In my practice, I work with many people who are transgender. The ages of those I’ve worked with over the years range from 5 (yes, 5) to 65, and the single most common complaint I have heard from these individuals is that their loved ones have said or done something that leads them to question the validity of their identity.
To illustrate: teenagers I work with will often tell me that when they approached their parents to talk about identifying as trans, nonbinary, gender nonconforming, or any other identity on the spectrum, their parents’ first response was, “Are you sure this isn’t a phase?” While parents may have meant this harmlessly, and only intended to seek information about what was going on with their child, this language is not validating and is likely to leave the child (or adult) feeling unsupported and as if who they are doesn’t matter.
The phrases below are a few examples of what not to say when a child (or anyone you know!) comes out to as trans. I also offer some suggestions to consider that may lead to a more productive conversation and help your child feel validated and supported.
Here are a few things NOT to say in these situations. I also offer, for your consideration, some suggestions that may lead to a more productive conversation.
“Are you sure this isn’t just a phase?”
It’s a good idea to avoid this question because it questions the basic understanding your child or teen has of themselves. When I work with parents, I often suggest we simply meet the child where they are right then, without considering how “sure” or “unsure” they may be of their identity. While a few of the people I have worked with have identified differently on the spectrum throughout their lives, none of them considered any of those identifications as a “phase.” I went through a phase of dying my hair pink and wearing studded bracelets. But I did not go through a phase of identifying as female. I have always been aware of my female identity, just as people who are trans are aware of their own identities.
Gender identity is exactly what it says: identity. It is an intrinsic part of who a person is. Would you question a person’s identity based on race or religion and ask them if it was a “phase”? It may be helpful to view gender identity in the same way. If today your child tells you they are trans, then it’s best to go with that until they tell you otherwise.
“Don’t you think you should date a person of X gender first?”
Gender identity and sexuality are completely different entities. Often, the parents of the people I work with confuse the two. Though they are trying to better understand their child’s disclosure by asking questions like these, they are simultaneously completely misunderstanding what their child is telling them.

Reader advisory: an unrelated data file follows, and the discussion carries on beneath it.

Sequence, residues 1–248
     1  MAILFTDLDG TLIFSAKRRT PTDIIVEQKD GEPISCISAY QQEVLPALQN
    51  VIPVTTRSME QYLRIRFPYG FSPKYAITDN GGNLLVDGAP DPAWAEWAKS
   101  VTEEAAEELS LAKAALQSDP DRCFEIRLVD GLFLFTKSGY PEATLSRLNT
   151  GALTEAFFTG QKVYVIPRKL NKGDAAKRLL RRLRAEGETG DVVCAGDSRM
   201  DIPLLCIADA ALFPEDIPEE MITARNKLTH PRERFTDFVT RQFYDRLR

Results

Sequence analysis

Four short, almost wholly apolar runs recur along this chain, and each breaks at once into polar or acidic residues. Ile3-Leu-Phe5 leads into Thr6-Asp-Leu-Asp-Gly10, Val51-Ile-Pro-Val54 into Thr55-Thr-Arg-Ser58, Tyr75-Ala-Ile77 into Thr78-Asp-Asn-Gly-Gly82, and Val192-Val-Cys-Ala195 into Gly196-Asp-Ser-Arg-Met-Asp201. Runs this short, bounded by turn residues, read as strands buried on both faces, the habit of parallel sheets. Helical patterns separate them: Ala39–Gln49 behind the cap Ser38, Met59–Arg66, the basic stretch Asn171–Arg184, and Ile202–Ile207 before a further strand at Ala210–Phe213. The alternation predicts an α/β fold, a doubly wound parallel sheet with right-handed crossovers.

Having your child come out to you as transgender or gender nonconforming may be overwhelming, confusing, and emotional, but I implore you to try to see your child’s disclosure as a demonstration of the trust they have in you as a parent.
For example, a transgender man (a person who was assigned female at birth might also identify as FtM (female to male) does not need to have a romantic or sexual relationship with another man in order to know whether he is truly male. Being romantically involved with a man (or person of any gender) does not inform a trans person’s sense of gender identity—in the same way a cisgender woman (person who was assigned female at birth and who identifies as female) would not have to date a man to know she is female, only whether she is sexually attracted to men.
“You are too young.”
To this, I simply say “Wrong.”
I understand a lot of people may struggle with the idea that young children can know their gender identity at such a young age. Sure, preschool and kindergarten years are a relatively gender-fluid time as it is, and gender roles and stereotypes may be more lax—let’s face it, a 5-year-old boy in a princess dress is likely to receive an “aww” because we assume children are just playing and exploring costumes and ideas rather than figuring out who they are.
However, I do strongly believe that children as young as 2 or 3 years of age can be aware of their gender identity. This awareness may present as an aversion to certain clothes or an attraction to a certain type of style that does not align with the gender they were assigned at birth. Rather than assuming your daughter is a tomboy or your son is just curious about your shoes, I encourage you to be open to the idea that your child may be figuring out who they are. Listen to them, hear their concerns or desires, and above all, please remain open-minded. Encourage their style, gender presentation, and expression, whether it turns out to be simple exploration or early expression of gender identity. The sooner our children know we support them regardless of who they are, the healthier and happier they are likely to be in adulthood.
Having your child come out to you as transgender or gender nonconforming may be overwhelming, confusing, and emotional, but I implore you to try to see your child’s disclosure as a demonstration of the trust they have in you as a parent. This act of sharing, which they may have deliberated over for some time, is likely to leave them feeling vulnerable and open. Keep that in mind as you choose your next steps and words, as they can, and likely will, have a lasting impact on your child and may be a touchstone memory for the rest of their lives.
I believe the most essential and key support system for any child is their family, and I encourage you to openly offer as much love and support as you possibly can. If you would like to talk through what you are feeling, or discover ways of opening a conversation or showing your support, I recommend seeking out a compassionate and qualified therapist or counselor who is trained in working with trans individuals and their families.
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